Cyber incident disrupts Clorox.
By Tim Nodar, CyberWire senior staff writer
Aug 17, 2023

It's not clear what the incident was, and Clorox hasn't said, but signs point to ransomware.

Cyber incident disrupts Clorox.

Cleaning product company Clorox disclosed that it sustained a cyber incident that forced it to take certain systems offline, the Record reports. The company stated in an 8-K filing, “To the extent possible, and in line with its business continuity plans, Clorox has implemented workarounds for certain offline operations in order to continue servicing its customers.” The company is coordinating with law enforcement, and has hired a cybersecurity firm to assist with the recovery.

While the company didn’t specify the nature of the incident, Infosecurity Magazine quotes Jordan Schroeder, managing CISO at Barrier Networks, as saying the incident response suggests that it may have been a ransomware attack.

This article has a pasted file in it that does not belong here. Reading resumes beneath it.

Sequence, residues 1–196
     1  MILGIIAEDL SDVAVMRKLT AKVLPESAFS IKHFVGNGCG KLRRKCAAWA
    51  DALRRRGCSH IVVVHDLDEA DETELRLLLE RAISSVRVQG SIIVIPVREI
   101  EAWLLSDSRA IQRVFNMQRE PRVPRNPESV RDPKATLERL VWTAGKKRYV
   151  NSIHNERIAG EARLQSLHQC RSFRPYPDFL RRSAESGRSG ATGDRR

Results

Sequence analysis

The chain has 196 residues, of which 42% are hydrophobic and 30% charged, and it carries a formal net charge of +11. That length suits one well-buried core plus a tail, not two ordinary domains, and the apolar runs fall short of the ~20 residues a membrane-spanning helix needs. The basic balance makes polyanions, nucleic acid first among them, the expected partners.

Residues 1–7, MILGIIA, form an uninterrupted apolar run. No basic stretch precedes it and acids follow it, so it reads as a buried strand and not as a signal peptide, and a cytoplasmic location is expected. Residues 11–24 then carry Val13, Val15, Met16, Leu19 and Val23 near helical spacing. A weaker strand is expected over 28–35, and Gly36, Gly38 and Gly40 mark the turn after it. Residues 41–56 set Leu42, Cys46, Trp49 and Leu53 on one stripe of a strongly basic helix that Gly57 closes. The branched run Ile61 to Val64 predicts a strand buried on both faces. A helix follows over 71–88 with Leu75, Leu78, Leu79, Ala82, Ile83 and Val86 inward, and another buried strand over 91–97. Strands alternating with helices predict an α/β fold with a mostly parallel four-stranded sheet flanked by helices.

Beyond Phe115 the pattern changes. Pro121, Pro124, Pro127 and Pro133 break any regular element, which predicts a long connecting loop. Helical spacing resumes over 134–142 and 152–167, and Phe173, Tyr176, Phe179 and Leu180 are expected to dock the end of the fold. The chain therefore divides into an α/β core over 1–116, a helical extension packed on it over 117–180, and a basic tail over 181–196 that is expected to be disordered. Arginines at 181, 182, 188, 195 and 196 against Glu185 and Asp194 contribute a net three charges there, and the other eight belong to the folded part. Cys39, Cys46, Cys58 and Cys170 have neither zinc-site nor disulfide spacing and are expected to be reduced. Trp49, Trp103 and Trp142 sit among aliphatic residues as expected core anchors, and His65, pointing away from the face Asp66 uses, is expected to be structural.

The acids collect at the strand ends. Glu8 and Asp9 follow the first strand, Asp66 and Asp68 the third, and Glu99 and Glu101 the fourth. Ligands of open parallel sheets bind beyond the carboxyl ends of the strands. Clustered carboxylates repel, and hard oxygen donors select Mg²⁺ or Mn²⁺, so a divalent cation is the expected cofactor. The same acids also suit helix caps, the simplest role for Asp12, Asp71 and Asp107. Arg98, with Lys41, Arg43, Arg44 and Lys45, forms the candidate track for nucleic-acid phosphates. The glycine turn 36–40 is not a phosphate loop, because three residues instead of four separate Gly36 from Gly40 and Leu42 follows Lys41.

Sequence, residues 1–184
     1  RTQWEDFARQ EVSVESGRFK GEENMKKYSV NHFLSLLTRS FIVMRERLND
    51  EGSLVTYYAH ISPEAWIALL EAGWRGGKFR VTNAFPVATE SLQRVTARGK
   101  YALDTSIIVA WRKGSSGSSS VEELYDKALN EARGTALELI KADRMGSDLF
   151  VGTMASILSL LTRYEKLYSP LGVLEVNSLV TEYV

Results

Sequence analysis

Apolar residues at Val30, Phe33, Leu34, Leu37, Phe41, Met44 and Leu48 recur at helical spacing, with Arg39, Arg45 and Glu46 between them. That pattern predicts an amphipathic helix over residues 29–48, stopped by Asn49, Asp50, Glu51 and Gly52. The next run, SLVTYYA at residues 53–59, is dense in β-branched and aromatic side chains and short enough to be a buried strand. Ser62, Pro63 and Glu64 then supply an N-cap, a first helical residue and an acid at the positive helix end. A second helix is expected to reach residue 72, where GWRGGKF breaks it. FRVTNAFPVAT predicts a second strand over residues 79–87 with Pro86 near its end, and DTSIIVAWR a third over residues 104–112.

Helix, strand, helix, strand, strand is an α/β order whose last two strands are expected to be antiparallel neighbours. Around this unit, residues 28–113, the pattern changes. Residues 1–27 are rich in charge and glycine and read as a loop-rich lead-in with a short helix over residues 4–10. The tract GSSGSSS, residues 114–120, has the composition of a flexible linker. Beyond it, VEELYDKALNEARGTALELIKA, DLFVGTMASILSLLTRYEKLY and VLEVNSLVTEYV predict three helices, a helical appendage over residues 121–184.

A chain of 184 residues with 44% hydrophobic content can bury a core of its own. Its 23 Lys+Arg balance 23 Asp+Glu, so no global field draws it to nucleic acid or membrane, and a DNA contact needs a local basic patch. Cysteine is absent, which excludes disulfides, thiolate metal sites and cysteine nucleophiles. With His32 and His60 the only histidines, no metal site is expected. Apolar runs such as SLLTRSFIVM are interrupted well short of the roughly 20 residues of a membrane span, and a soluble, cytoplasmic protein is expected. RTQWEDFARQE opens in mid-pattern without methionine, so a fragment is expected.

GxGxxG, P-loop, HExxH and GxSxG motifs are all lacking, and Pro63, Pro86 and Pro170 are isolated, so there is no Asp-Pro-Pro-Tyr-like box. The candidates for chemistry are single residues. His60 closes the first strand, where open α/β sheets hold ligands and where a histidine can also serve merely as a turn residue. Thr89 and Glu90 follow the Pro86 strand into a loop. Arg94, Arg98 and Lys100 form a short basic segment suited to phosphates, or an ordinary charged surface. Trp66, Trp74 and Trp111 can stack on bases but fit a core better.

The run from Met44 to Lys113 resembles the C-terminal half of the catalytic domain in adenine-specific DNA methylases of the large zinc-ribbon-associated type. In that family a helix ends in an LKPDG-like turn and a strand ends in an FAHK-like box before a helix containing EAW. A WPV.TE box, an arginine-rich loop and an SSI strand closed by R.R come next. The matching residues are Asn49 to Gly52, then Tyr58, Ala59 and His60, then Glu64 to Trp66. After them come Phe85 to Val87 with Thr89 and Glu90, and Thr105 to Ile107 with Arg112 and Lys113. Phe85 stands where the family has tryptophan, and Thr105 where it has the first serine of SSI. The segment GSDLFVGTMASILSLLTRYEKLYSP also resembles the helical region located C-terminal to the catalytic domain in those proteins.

Remote work and personal devices expand the attack surface.

Ted Miracco, CEO of Approov Mobile Security, offered the following observations:

“Clorox and many other companies are being adversely affected by a one-two punch of a shift to remote work and the concurrent reliance on personal mobile devices. This dynamic has dangerously expanded the attack surface for cyber threats, especially business email compromise, cyber extortion, phishing, and other social engineering attacks.

“Organizations must urgently prioritize protections for this new perimeter, and it is especially important to focus on remote workers whom may be using personal devices that are not as secure as company-issued devices.”

Steve Hahn, Executive VP at BullWall, commented:

“As Clorox indicated in their company 10K filings, cyber-attacks have escalated in the last few years due to their new "hybrid" work-from-home model. Like many companies, this work model expands the attack surface and makes the job of securing the endpoints nearly impossible. Broadly speaking, we've seen a huge uptick as a result of increased efforts by threat actors who now have vastly more attack vectors to take advantage of.

“It doesn’t seem to matter how good a company’s preventative posture is, with a determined threat actor it's a matter of ‘when’ not ‘if’ the attackers are successful. Because of this companies need to adopt a post breach mentality that looks to respond and recover in milliseconds by containing the attack, and not just focusing on prevention.”